Although the sign on his door reads Breed Detective Agency, Barr Breed isn't your typical private-eye. Instead, he runs a detective staffing agency that furnishes guards for warehouses and banks, detectives for railroads, secret shoppers for stores and payroll protection for long routes. So the last thing Breed wants is a murder case. But, when a guy named Gibbs knocks on his door, Breed becomes enthralled with his story.
Gibbs explains that he's been cheating on his wife for a number of years. As a commercial account executive, Gibbs is in and out of hotels all over the country. In Chicago, Gibbs has a main squeeze named MacCormick. Unfortunately, while Gibbs was in the shower, someone walked in, strangled her to death and then tucked her into bed. Gibbs discovers the dead broad and makes a beeline for a detective agency to figure this out. Breed doesn't buy in right away, but when Gibbs produces a wad of bills, Breed makes him this deal: The money will buy Gibbs seven days. During that seven day stretch, Gibbs needs to lie low and allow Breed to find someone else to be a suspect for the cops. Gibbs accepts the deal and takes a point-blank shotgun blast to the chest later that night. Later, Gibbs' own wife is found murdered as well. Who knocked-off this love triangle and what's Breed's commitment to the case? That's the main premise behind The Body in the Bed.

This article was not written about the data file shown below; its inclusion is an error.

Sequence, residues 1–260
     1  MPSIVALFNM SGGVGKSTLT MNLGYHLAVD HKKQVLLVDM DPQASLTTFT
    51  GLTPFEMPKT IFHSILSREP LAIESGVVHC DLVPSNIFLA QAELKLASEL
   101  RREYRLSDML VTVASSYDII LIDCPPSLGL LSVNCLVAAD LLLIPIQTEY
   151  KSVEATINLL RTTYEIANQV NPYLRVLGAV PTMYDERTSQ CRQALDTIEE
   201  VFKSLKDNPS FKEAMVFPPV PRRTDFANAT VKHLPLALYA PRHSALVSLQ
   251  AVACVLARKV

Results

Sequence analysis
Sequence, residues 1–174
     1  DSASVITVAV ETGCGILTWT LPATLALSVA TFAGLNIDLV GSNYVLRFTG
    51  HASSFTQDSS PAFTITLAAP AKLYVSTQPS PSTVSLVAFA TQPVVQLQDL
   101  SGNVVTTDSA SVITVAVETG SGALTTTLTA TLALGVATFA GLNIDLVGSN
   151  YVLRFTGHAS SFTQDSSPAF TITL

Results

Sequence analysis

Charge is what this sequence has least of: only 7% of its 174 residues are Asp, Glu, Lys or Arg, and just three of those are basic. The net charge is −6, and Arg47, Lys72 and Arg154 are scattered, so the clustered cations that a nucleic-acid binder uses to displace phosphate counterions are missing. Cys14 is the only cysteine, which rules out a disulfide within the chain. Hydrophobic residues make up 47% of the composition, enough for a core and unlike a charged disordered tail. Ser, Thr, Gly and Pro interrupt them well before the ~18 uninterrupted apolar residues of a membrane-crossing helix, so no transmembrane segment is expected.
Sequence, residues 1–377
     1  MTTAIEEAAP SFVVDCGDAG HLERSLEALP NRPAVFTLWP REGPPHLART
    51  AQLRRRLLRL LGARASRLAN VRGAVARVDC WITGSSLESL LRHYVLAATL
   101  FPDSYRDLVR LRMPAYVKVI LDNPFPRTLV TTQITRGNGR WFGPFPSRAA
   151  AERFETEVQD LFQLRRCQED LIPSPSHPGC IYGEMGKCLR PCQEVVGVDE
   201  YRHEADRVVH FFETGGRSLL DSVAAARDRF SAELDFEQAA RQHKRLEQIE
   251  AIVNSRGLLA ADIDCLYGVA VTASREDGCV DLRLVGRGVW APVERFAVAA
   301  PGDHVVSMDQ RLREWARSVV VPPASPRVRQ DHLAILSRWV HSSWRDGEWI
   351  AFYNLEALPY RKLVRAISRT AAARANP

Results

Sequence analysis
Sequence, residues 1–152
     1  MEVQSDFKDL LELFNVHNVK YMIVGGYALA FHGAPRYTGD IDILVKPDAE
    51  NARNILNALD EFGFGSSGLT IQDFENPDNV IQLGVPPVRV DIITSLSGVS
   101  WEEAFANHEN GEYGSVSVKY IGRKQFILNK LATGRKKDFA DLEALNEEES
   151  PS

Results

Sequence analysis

Honestly, I didn't particularly like Breed during the novel's first half. But as the story-line began to tighten, I changed my tune - he's a real badass. He fights hard, escapes from killers, endures some torture, is an excellent shooter and a real cool cat with the ladies. He's not a dimwit, but he does allow the problems to solve themselves. He does some sarcastic wisecracking and always seems to describe in great detail what he's eating and drinking. As a crime-fiction mystery, the novel works really well with a payoff finally coming at the very end. I was glued to the characters just trying to figure it all out.
Ballinger writes this in the first-person as Breed relays his experiences to readers. After the book's sequel, The Body Beautiful, the author changed his writing style to incorporate shifting first-person narrators from the various characters' perspectives. This sort of bobbling could make readers seasick, but I'm willing to test the waters. I haven't seen the last of Bill S. Ballinger.
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